There is a lot of pain and cruelty in this world, and I am not suggesting that all bells can be unrung. However, there are things right in front of us that can bring us joy, if we allow ourselves to see it. We are no longer children, but we can try to view life through a different perspective.
Lay in the grass or jump in a puddle (it really is fun!). Sing your favorite song on top of your lungs. Learn something new. Take a moment to appreciate something simple, but that brings you joy. Try to be open to something without judging it first. Living life like a child will make us better adults and better people.
Fights. Conflict. Arguing. Words that make most of us incredibly uncomfortable. However, fighting is inevitable in all relationships. The key is to figure out how to have a healthy fight instead of an unhealthy fight. For purposes of this article, healthy fighting is synonymous with constructive fighting and healthy conflict. If conflict is part of any relationship, it is crucial to learn how to have a healthy fight.
Ways To Have Constructive Conflicts In A Healthy Relationship
(1) Mindfulness and taking a pause
Healthy fighting is about addressing a problem together. Even when two people have strong opinions, the key is learning to respond instead of react. This is a crucial way to fight productively.
I will admit that my husband and I are both hotheads. As a result, what may initially be a simple discussion turns into a trigger-fest, with each one of us reacting to what the other one is saying. Instead of addressing the problem, it turns into a bigger argument.
I know we are not the only ones who often react first and then think later. Luckily, there is a solution that enables healthy fighting between couples. It involves mindfulness. This means paying attention to the physiological reactions going on in your body (blood pressure rising, heart racing, surge of adrenaline) that take place when you start to feel emotionally charged. If you learn to notice those reactions once they start, you can prevent them from going any further.
Practicing pausing before reacting is how couples have a healthy fight. Once you recognize that you are starting to react, STOP. Take a breath. Don’t say a word. Instead, put a hand up to indicate you need a break or determine in advance a signal you will use when you need to stop. Walk away if needed. If you stop as soon as you feel a reaction, it will prevent you from verbally reacting. It will also take less time to calm down. Once you react and fall down the rabbit hole, it is much harder to get out of it.
Mindfulness and pausing is not something that you can learn to do overnight. If you typically react rather than respond, work on listening to your body’s signals and get better equipped at noticing them. Over time, you will be able to take that much needed pause.
(2) Showing empathy and give validation
When you are fighting, are you trying to understand the feelings of your partner? You do not have to have the same opinion as your partner to show empathy. Validating someone’s feelings is a huge part of healthy fighting. Ultimately, each person in a relationship wants to feel heard.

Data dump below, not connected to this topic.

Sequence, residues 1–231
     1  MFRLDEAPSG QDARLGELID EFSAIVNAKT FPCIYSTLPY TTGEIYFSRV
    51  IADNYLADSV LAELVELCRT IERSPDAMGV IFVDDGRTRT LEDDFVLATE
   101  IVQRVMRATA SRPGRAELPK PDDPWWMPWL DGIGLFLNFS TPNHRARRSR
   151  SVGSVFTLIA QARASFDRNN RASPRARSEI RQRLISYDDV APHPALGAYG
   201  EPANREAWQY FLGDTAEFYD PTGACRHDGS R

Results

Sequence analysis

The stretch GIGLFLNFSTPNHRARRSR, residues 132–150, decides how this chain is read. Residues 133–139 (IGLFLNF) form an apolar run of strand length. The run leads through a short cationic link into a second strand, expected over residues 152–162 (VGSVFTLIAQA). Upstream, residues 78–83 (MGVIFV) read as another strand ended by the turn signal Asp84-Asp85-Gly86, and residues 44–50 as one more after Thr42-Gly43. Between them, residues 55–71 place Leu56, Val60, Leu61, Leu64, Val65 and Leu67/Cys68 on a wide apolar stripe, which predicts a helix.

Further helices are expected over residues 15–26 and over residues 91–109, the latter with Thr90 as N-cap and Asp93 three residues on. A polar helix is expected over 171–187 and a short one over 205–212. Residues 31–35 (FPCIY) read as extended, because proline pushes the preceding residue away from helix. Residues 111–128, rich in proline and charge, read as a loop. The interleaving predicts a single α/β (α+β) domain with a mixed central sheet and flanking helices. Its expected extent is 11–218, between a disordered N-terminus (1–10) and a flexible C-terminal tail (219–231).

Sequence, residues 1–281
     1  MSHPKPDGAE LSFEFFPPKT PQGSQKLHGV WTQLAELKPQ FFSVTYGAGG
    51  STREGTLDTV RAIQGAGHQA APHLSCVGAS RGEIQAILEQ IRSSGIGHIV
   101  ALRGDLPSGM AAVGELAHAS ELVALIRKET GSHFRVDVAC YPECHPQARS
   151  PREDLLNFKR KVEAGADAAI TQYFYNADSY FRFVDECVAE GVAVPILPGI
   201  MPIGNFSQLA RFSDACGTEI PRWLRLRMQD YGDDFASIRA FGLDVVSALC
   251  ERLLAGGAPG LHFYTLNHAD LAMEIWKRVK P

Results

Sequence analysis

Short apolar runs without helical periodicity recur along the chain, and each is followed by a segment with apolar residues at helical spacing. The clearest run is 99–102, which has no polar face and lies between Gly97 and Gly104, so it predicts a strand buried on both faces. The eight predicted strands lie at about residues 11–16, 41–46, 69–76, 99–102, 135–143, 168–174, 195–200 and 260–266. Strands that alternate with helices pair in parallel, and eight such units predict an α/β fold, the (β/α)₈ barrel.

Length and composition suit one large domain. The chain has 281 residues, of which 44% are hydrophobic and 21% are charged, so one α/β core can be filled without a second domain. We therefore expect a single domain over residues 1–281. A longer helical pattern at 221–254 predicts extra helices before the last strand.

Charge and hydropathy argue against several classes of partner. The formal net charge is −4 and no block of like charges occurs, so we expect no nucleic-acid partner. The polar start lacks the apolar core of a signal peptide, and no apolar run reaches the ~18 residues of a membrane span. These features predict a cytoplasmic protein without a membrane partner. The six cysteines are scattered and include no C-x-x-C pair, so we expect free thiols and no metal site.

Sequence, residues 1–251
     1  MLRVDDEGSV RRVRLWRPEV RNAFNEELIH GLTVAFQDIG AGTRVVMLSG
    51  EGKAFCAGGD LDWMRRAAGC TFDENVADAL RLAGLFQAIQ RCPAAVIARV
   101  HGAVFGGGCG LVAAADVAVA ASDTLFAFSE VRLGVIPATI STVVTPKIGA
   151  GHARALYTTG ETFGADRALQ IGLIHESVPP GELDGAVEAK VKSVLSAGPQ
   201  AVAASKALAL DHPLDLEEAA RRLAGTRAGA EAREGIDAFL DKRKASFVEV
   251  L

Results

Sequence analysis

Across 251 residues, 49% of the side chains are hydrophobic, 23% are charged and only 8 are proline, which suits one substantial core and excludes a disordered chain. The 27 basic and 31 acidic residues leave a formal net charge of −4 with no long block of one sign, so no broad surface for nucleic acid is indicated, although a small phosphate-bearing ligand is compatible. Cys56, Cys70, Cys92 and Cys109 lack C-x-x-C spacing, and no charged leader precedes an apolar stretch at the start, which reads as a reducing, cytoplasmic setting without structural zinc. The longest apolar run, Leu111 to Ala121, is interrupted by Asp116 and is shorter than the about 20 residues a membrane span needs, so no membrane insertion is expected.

You don’t need to agree with what someone is saying, as long as you can recognize that their way of experiencing things doesn’t have to be the same as yours to make it valid. Ways of validation can be non-verbal, such as leaning forward when the person is speaking, making eye contact, and nodding.
We can each have our own unique feelings. No matter how we feel, those feelings deserve acknowledgment, respect, and validation. When there is a desire to understand your partner’s way of thinking and feeling, this is healthy fighting in a relationship.
(3) Focus on the issue at hand
It is easy to turn one argument into a rehashing of all of your issues in the relationship or with that person. That will only make the argument turn into a blame game. Instead, have healthy conflict by sticking to the particular topic.
(4) Know when to hold them and when to fold them
Sometimes there is not an easy resolution to a problem. If you feel like you are going in circles with no end in sight, put a pin in it. That will give both of you time to think over what the other one was saying, and to try to gain some clarity and additional perspective. Decide in advance when you will revisit this topic so it doesn’t get swept under the rug. Constructive fighting means knowing when to stop before it turns into destructive fighting.
(5) A mutual desire to reach a resolution
Healthy fighting between couples means that both people approach the conflict wanting to repair a problem. Figuring out a solution isn’t as important as each person having a genuine desire to resolve the issue. You may not be able to reach a resolution, but it is a constructive fight if both are approaching it from a healthy mindset.
(6) How you express your feelings
If you talk about your feelings in terms of how YOU are affected by a situation or the other person, that is a much healthier way of fighting. Try to use “I feel” rather than “You did” when fighting. Make it about yourself instead of speaking for the other person or criticizing them.
(7) Wanting to communicate